EDITORIAL: 2017 events in Meriden, Wallingford, Southington and Cheshire

EDITORIAL: 2017 events in Meriden, Wallingford, Southington and Cheshire



On this, the last day of 2017, a few thoughts about events in our local communities this past year:

MERIDEN: The year ended with a bang when the City Council — which had given City Manager Guy Scaife a raise in October — fired him a week before Christmas, citing discord at City Hall. But that was by far the most dramatic and unexpected news story of the year. Better news included the official reopening of Platt High School and the fact that the city’s downtown revitalization continued to show visible progress, accented by a celebration marking the 150th anniversaries of the YMCA and the Record-Journal.

Unfortunately, the city’s grand list declined a bit. Many Catholics were disappointed when the archdiocese decided to close St. Joseph School and reorganize some other churches. Later in the year, people rallied to the defense of families caught up in the crackdown on undocumented immigrants, and of families displaced by a devastating hurricane in Puerto Rico. The city even got around to correcting misspelled names on the Broad Street World War II memorial.

WALLINGFORD: The town was put in the national spotlight by a double fatal shooting at the Oakdale Theatre just before the new year (the first homicide in town since 2009) and by documented sexual abuse by teachers at Choate Rosemary Hall that took place from 1963 to 2010. The state cut financial aid to the town by $2 million, which Mayor William W. Dickinson Jr. called “outrageous”; and the town’s legal fees for the Electric Division's arbitration with the Connecticut Municipal Electric Energy Cooperative rose to over $2 million.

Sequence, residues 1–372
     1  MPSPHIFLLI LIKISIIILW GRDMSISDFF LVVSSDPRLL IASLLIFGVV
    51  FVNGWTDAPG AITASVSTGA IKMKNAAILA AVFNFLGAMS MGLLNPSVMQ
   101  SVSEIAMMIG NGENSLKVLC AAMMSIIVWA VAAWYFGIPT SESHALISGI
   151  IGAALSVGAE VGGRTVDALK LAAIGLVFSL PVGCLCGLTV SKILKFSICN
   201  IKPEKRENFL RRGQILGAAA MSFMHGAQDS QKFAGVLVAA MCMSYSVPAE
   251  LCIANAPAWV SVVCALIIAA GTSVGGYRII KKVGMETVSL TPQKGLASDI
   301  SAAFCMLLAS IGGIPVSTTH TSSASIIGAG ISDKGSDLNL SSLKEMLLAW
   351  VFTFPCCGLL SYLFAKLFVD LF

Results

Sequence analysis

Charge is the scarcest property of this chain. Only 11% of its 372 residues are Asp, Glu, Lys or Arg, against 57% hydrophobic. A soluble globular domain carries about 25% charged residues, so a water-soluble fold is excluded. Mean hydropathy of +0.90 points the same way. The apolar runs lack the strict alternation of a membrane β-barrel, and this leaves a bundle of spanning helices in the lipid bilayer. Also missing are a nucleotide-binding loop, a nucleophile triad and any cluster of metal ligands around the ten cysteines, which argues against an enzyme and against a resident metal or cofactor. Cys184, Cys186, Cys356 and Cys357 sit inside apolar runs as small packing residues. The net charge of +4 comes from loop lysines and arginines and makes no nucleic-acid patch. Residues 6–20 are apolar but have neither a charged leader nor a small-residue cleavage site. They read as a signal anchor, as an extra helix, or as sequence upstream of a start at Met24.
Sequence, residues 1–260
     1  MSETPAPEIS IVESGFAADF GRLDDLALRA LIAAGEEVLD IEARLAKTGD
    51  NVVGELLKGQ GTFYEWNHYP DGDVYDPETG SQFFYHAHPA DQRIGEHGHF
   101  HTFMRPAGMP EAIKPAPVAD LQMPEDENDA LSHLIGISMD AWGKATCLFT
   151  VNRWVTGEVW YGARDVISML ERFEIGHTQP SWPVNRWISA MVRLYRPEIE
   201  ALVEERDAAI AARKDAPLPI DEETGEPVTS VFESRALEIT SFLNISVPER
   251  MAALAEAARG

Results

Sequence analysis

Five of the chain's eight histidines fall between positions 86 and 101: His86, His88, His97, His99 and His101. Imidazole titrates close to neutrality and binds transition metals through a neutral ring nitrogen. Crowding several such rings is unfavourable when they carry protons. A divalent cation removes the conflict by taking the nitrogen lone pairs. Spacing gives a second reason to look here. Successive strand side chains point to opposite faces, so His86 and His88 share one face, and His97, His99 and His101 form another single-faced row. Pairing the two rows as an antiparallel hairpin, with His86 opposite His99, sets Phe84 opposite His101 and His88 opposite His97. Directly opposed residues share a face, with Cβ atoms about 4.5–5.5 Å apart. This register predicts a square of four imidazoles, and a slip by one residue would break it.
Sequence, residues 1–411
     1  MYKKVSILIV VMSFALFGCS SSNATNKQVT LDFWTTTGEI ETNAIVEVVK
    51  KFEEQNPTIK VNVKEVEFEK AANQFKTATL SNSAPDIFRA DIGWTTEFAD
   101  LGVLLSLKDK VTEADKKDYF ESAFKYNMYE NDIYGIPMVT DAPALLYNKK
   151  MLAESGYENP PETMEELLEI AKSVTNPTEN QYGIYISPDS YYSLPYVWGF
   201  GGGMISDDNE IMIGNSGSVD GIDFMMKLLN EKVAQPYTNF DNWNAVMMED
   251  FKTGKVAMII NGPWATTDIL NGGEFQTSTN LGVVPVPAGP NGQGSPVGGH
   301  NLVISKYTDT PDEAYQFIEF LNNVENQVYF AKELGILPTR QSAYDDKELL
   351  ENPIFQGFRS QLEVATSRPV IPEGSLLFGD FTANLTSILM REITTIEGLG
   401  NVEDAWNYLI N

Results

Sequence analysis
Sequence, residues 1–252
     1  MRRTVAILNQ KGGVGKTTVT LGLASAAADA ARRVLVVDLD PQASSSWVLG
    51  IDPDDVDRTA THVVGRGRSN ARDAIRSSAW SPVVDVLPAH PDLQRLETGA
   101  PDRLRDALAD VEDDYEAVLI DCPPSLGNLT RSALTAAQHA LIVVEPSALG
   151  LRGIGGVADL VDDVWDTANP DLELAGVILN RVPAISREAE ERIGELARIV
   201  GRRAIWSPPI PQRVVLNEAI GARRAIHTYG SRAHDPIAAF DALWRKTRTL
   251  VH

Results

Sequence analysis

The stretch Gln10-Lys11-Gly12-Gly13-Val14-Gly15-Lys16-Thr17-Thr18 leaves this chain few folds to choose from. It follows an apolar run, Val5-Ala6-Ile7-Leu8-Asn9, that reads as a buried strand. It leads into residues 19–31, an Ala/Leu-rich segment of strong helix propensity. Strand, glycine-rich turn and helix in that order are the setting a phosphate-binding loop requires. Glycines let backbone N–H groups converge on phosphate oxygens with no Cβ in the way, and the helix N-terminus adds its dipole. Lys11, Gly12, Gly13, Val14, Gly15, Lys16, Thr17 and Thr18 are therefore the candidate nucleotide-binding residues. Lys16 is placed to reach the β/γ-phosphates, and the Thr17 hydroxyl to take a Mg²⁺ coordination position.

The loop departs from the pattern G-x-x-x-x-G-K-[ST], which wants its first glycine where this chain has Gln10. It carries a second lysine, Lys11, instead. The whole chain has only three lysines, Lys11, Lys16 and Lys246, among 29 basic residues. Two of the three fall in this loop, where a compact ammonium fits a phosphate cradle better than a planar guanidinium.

In more pleasant news, Yalesville School was renamed Mary G. Fritz Elementary School to honor the late state representative; Erin Berthold, of Cook Hill School, was named the 2018 Connecticut Teacher of the Year; and the new train station on North Cherry Street opened.

SOUTHINGTON: Former Fire Chief Harold “Buddy” Clark retired, amid friction between volunteer and career firefighters, and the town adopted a new ethics code for officials, though not without some harsh words being exchanged at Town Hall. There was also controversy over a bust of Christopher Columbus in front of the John WeichselMunicpal Center.

On the other hand, construction began on a new $9.4 million Calendar House senior center, and Bread for Life found a new home on Vermont Avenue after a decades-long search. The Board of Education cut funding for middle school sports — but residents came to the rescue. Town Manager Garry Brumback retired and was smoothly replaced with Town Attorney and Deputy Town Manager Mark Sciota. And the town took a stronger guiding hand toward development on West Street.

CHESHIRE: In a year when uncertainty about state aid has caused most municipalities in Connecticut to budget cautiously, the Town Council voted against a $106.4 million plan for a new middle school, part of  the Board of Education’s $423 million master plan for new or upgraded schools. Councilors said it would double the town’s debt. And an education program called the Summit Learning Platform was dropped by the schools after strong criticism from some parents.

But some cards fell Cheshire’s way: A  state arbitration decision could save the town more than $850,000 on a four-year teachers’ union contract; and a judge ordered the state Department of Correction to pay the town nearly $1.5 million in its complaint that the state underpaid for sewer costs for the prison complex.

STATEWIDE: The state’s fiscal woes cast a pall over just about everything this past year. The governor made drastic cuts, including to social services and municipal aid — but it was never enough. It took months for the General Assembly to hammer out a budget, and even then it came up short.

But we can still hope that Connecticut will emerge from its financial miasma sometime soon. No matter how long that takes, we all deserve to enjoy a Happy New Year!


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